Wednesday, January 21, 2009

Economic indoctrination

One of Ariel Rubinstein's dilemmas was depicted in the Layoff Survey where respondents (mainly students) were asked how many people to layoff in a hypothetical situation. He found that Econ students were more likely to respond to the profit maximizing solution (and hence laying off more) than either Philosophy or MBA students. He concludes:

The interpretation of the results cannot be separated from one’s personal views regarding the behavior of economic agents in such a situation. If you believe that the managers of a company are obligated morally or legally to maximize profits, then you should probably praise economics for how well it indoctrinates its students and be disappointed that so many of them still do not maximize profits. On the other hand, if you approach the results with the belief that managers should also take into account the welfare of the workers, particularly when the economy is in recession and unemployment is high, then you probably feel uncomfortable with the results.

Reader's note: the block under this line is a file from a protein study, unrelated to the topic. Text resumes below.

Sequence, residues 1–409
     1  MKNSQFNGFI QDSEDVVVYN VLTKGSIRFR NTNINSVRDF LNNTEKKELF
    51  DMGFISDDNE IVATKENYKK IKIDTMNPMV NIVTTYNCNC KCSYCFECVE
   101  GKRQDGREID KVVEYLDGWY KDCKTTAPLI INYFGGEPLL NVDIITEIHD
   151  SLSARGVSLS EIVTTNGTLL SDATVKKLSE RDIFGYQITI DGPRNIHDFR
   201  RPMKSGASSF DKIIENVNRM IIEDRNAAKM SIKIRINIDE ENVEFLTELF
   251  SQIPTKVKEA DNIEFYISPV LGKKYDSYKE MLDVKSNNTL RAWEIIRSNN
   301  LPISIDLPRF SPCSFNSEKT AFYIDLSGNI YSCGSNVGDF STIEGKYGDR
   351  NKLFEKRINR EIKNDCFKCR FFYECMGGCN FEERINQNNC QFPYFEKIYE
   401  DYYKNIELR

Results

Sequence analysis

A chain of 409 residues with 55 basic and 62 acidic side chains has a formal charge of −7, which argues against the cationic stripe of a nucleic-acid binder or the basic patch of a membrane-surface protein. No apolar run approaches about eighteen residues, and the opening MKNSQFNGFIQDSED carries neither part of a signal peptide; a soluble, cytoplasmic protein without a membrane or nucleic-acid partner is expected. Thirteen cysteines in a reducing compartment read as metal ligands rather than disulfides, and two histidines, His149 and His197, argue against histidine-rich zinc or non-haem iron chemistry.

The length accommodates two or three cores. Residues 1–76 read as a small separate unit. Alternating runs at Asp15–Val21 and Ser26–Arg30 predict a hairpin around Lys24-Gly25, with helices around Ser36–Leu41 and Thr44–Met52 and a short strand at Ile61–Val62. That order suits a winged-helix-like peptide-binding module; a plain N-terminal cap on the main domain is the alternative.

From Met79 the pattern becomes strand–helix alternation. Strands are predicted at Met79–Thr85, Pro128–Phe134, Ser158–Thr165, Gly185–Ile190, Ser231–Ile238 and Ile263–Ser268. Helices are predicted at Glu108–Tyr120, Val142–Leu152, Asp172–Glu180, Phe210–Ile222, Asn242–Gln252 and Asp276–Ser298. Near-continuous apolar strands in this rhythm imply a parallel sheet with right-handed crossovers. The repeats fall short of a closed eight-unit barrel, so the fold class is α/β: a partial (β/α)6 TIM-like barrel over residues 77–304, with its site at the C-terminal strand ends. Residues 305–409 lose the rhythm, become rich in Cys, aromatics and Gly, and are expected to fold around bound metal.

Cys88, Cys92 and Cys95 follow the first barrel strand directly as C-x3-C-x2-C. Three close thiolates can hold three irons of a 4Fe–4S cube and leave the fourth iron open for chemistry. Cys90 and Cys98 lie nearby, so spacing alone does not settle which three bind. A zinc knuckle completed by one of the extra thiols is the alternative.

I think that this is one of the problems with using students. It is possible that once the students are out of school the effects of indoctrination might be ameliorated. Having come from the economics department from Rochester (a very free market school) and having been out of economics for almost 10 years I have no problems entertaining the following seriously (whereas I would have not in the first few years out of school):
1. Nationalization of the financial industry
2. Health care is a right, not a privilege (Bumper Sticker)
3. Living wages
4. Free trade is over rated

It is also possible that the Econ students were not responding truthfully but responding in a way that they think the questioner would want them to respond. For instance, they may have viewed the survey as a "test" of how well they had learned economics. This may be an instance of where asking a question might be distorting.

Bottom line: I'm not as worried about indoctrination as Prof. Rubinstein as long as Econ students don't remain in academia. This is when they move from being indoctrinated to being idealogues.

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